'Shocking' levels of PCB chemicals in UK killer whale Lulu

Lulu

A member of the small West Coast of Scotland group of killer whales – found dead and stranded on the Isle of Tiree in the Hebrides, Scotland, last year – had one of the highest levels of polychlorinated biphenyl (PCB) pollution ever recorded in the species, said the Scottish Marine Animal Stranding Scheme today.

The adult killer whale – identified by the Hebridean Whale and Dolphin Trust as a well-known animal named ‘Lulu’ – died from becoming entangled in creel rope in January 2016, but subsequent analysis undertaken over the past year has shed further light on her case.

Analysis of Lulu’s blubber revealed PCB concentrations 80 times higher than the accepted PCB toxicity threshold for marine mammals. High PCB levels are linked to poor health, impaired immune function, increased susceptibility to cancers and infertility.

Previous studies have shown that killer whale populations can have very high PCB burdens,
but the levels in this case are some of the highest we’ve ever seen
— Dr Andrew Brownlow, Scottish Marine Animal Strandings Scheme

Work, undertaken in collaboration with the University of Aberdeen, found that Lulu was at least 20 years old. Based on analysis of the ovaries, it appears that she never reproduced, despite being much older than the average age for maturity in killer whales.

These findings do not bode well for Lulu’s small pod. This small group is usually seen off the west coast of Scotland, and numbers only eight individuals. These individuals never interact with other groups of killer whale, nor has a calf been recorded within the group in the 23 years it has been monitored.

Commenting on these results, Dr Andrew Brownlow, head of the Scottish Marine Animal Stranding Scheme and veterinary pathologist at Scotland’s Rural College (SRUC) said: “Previous studies have shown that killer whale populations can have very high PCB burdens, but the levels in this case are some of the highest we’ve ever seen. We know ‘Lulu’ died from becoming entangled, but, given what is known about the toxic effects of PCBs, we have to consider that such a high contaminant burden could have been affecting her health and reproductive fitness. Lulu’s apparent infertility is an ominous finding for the long-term survivability of this group; with no new animals being born, it is now looking increasingly likely that this small group will eventually go extinct. One of the factors in this groups’ apparent failure to reproduce could be their high burden of organic pollutants.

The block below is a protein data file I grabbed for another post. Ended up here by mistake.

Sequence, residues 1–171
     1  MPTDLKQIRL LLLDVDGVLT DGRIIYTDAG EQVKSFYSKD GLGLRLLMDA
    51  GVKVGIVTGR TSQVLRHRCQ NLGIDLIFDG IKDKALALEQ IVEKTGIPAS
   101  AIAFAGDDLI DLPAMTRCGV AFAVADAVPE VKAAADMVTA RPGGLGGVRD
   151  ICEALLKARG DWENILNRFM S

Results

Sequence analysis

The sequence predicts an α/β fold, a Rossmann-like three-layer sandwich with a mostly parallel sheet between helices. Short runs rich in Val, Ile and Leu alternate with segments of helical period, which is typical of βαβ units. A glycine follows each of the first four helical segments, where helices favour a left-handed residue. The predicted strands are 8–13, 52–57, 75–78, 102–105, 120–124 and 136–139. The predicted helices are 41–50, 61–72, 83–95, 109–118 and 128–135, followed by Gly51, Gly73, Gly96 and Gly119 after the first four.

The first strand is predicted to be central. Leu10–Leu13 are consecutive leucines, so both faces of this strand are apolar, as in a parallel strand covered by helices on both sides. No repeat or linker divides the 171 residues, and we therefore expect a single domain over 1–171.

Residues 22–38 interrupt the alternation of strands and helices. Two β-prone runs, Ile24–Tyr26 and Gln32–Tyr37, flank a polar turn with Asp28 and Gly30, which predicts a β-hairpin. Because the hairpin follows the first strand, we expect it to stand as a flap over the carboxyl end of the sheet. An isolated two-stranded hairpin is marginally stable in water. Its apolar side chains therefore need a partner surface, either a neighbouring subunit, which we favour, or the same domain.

Once PCBs get into the marine environment, they are difficult if not impossible to remove. They accumulate through food webs and persist over time. Killer whales, which can live for many decades and feed right at the top of the food chain, are particularly susceptible to their effects. Animals from groups such as Lulu’s, which are known to feed on marine mammals, would also probably have concentrations higher than those killer whales which are predominantly fish eaters."
"Following the ban on PCBs in the mid-1980s, levels in most marine mammals decreased. In some regions however, including Europe and the Arctic, this initial decline appears to have plateaued. There are still many PCB stockpiles in Europe, and it is absolutely essential that these toxic reserves do not reach the marine environment. PCBs are difficult pollutants to mitigate: they were produced in significant volume, used in a wide range of materials, exhibit long-term environmental persistence and toxicity and are remarkably difficult to render safe. Gaining a better understanding of the pathways by which these pollutants reach the marine environment is important, as is addressing other threats to these susceptible populations. This is particularly evident in the west coast population, which exhibit impacts from both chemical pollution and entanglement.”

There is a growing concern amongst many cetacean scientists that, unless a much more proactive approach is taken to assessing and decontaminating PCB-contaminated sites to stop these pollutants leaching into the marine environment, then the effects we’re seeing with this small group of killer whales on the west of Scotland could become evident in many more of our iconic marine mammal species.

Dr Lauren Hartny-Mills, the Hebridean Whale and Dolphin Trust’s Science Officer, said: “Monitoring the West Coast Community of killer whales is a concerted effort, with sightings reports and photographs from the public, wildlife operators and fishermen helping us better understand the group’s movements, range and social interactions. Anyone can help and if you are lucky enough to encounter a killer whale (or indeed any whale, dolphin or porpoise) please report it to us."